Carnival and Diablada festivals are among the most widely recognized celebrations in Latin America. A tradition of devil masks and characters can be found at these and other important cultural and religious festivals throughout the Americas, including Peru, Bolivia, Chile, Ecuador, Mexico, and the Dominican Republic. Devil masks are used in rites, dances, and by performers as a means of visualizing transcendental aspects of different religious and cultural beliefs.
This exhibit presents a collection of existing and donated Latin American masks in the Center for Latin American Studies Andean and Amazonian Andean Cultural Artifact Collections, alongside photographs of a Diablada de Píllaro in the Ecuadorian province of Tungurahua taken by Leonardo Carrizo. The majority of masks on display were donated by OSU alumnus Mark Gordon and are accompanied by an adaptation of his 1987 original field study.
March 17th Acitivites:
- 3:30 pm: Reception, honoring Mark Gordon, visiting scholar and OSU alumnus
- 4:00 pm: Introduction by Mark Gordon
- 4:15 pm: Roundtable Discussion, featuring:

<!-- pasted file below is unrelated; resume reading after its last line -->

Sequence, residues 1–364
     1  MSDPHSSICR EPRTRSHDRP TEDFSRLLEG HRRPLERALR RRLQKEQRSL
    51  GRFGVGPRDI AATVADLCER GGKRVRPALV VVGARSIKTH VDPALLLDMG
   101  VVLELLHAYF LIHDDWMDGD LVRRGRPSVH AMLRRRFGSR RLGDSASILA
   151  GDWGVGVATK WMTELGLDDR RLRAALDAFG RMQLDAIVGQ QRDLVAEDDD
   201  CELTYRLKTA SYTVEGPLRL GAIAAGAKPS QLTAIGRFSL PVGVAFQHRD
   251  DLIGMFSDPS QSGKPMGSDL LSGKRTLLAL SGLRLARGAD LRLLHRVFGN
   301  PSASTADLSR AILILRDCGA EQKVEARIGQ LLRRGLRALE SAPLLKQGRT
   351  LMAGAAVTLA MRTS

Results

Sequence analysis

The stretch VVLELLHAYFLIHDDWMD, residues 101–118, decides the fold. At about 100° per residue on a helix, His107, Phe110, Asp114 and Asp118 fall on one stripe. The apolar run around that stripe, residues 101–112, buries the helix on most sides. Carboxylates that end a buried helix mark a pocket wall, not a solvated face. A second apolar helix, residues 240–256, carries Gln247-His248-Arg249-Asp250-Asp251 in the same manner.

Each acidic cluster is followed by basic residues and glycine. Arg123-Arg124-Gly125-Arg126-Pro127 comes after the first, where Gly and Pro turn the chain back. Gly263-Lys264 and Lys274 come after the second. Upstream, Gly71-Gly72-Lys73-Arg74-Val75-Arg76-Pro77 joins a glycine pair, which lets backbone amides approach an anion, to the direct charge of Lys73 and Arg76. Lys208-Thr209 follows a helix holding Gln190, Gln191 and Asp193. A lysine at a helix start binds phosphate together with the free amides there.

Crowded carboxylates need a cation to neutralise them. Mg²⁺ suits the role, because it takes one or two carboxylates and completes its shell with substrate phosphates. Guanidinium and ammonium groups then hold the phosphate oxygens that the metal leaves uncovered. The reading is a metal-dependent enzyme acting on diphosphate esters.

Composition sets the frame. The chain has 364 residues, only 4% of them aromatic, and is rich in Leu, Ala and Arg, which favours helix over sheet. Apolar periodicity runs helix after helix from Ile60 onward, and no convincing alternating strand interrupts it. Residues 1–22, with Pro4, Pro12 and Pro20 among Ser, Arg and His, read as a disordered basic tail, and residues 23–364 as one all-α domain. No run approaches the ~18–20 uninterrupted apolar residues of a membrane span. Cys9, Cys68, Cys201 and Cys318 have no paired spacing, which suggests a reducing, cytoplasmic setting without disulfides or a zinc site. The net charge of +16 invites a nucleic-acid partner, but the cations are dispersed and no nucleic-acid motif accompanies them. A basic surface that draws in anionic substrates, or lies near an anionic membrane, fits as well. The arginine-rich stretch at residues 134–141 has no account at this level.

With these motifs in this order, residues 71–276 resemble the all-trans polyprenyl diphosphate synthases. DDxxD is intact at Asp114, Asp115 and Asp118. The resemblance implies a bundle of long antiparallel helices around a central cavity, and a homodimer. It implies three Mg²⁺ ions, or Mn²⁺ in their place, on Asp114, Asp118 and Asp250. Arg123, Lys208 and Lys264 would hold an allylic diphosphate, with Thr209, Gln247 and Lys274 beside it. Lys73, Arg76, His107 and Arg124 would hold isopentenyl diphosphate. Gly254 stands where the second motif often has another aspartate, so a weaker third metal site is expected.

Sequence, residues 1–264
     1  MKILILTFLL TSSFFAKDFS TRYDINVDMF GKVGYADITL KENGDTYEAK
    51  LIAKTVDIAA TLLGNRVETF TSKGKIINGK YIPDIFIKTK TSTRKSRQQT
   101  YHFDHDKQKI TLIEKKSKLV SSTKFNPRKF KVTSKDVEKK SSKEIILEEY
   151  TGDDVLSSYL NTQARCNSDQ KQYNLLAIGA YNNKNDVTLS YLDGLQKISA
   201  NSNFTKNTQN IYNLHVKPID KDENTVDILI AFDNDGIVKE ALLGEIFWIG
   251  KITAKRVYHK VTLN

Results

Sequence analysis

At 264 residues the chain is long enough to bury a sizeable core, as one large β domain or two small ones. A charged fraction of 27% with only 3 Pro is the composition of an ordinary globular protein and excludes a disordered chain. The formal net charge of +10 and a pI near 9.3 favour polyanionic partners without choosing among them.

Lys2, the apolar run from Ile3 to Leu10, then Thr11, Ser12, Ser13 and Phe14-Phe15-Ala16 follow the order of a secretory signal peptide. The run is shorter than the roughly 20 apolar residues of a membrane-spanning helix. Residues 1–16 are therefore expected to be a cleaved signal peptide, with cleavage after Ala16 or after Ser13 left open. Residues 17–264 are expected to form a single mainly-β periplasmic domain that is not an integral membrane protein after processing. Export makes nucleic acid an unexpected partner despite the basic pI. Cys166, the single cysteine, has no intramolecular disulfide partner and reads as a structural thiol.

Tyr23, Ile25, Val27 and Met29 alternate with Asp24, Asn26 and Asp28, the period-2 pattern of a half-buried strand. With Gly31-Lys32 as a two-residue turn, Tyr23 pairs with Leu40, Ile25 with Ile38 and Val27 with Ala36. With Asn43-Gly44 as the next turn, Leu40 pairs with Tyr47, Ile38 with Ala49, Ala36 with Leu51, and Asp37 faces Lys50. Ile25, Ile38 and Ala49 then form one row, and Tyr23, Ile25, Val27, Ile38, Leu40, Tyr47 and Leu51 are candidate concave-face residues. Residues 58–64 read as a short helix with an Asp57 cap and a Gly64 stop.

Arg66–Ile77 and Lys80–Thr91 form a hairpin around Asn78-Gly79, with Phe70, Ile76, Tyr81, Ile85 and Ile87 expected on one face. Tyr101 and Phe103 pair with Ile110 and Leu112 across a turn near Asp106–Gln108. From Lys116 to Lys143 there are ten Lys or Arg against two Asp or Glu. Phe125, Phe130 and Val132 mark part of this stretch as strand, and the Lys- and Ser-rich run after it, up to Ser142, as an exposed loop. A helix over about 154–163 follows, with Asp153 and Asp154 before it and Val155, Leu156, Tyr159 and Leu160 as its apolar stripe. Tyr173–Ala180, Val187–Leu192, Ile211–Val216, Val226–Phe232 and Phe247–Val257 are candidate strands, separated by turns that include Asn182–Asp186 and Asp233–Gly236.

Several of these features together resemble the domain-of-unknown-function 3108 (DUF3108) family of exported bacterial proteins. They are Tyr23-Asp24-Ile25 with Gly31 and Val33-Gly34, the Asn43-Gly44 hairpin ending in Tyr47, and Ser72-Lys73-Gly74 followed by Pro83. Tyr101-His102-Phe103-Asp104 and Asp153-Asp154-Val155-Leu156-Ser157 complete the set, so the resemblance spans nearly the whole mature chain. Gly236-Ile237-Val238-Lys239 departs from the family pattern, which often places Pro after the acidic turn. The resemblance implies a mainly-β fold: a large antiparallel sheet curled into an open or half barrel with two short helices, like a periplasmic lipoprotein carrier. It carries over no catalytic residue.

- Michelle Wibbelsman, Associate Professor, Latin American Indigenous Cultures
- Leonardo Carrizo, Photographer and Lecturer, Communications
- Dorry Noyes, Professor of English and Comparative Studies
- Lisa Voigt, Professor, Spanish & Portuguese
- Richard Fletcher, Associate Professor, Arts Administration, Education, and Policy
Visit their sister exhibit “Dancing with Devils: A Visual Narrative of La Diablada de Píllaro” curated by photographer Leonardo Carrizo on display at the Lakewood Public Library in Cleveland from March to August 2020. Photographer Leonardo Carrizo showcases photographs of the Diablada de Píllaro, a six day festival in the Ecuadorian province of Tungurahua. This exhibit documents the procession of a traditional partida (group) from the Tunguipamba community. The Diablada consist of several masked characters, most noticeable the diablos, wearing masks made of paper mache, animal horns, animal fangs and an assortment of decorations.
For more information, visit the Center for Latin American Studies website.